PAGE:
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Criminal Resource Manual

1352. Federally Insured Financial Institutions

It is essential to allege and prove the Federal character of the victim financial institution. The term "bank", "savings and loan association," and "credit union" are defined in 18 U.S.C. § 2113(f), (g), and (h), respectively.

It has been held that a reference to 18 U.S.C. § 2113 in an indictment is sufficient to charge that a savings and loan association includes institutions covered by the FSLIC. See United States v. Coleman, 656 F.2d 509 (9th Cir. 1981). Nevertheless, it is preferable to specifically allege in the indictment the federally insured nature of the victim financial institution.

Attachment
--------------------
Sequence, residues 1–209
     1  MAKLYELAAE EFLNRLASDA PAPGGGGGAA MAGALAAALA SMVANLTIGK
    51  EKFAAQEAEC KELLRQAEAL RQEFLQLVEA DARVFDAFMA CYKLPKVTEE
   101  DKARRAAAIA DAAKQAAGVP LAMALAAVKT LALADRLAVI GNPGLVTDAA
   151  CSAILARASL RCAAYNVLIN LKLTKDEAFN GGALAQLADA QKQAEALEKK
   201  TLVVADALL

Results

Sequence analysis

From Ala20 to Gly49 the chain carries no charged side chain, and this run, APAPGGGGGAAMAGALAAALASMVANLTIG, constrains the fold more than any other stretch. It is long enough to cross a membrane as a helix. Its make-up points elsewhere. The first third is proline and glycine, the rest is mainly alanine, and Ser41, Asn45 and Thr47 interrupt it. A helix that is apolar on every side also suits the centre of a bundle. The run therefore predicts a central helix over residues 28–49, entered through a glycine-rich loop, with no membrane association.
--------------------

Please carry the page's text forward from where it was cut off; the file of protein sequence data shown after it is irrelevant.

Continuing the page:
There is some authority for the proposition that judicial notice may be taken of the Federal character of a bank which carries the word "National" in its name. See King v. United States, 426 F.2d 278 (9th Cir. 1970); United States v. Mauro, 501 F.2d 45 (2d Cir. 1974). Clearly, however, the prudent course of action would be to establish the Federal character of the financial institution by appropriate documentary and testimonial evidence.

Proof of such status can be adequately established by the certificate of insurance, the canceled check representing payment of the insurance premium, and testimony of an appropriate bank official to authenticate these documents. See United States v. Washburn, 758 F.2d 1339 (9th Cir. 1985); United States v. Hadley, 671 F.2d 112 (8th Cir. 1982). Cf. Bailey v. United States, 116 S.Ct. 501 (1995) (construing the term "use" in 18 U.S.C. § 924 (c) to require "active employment" of a firearm).

[cited in USAM 9-61.600]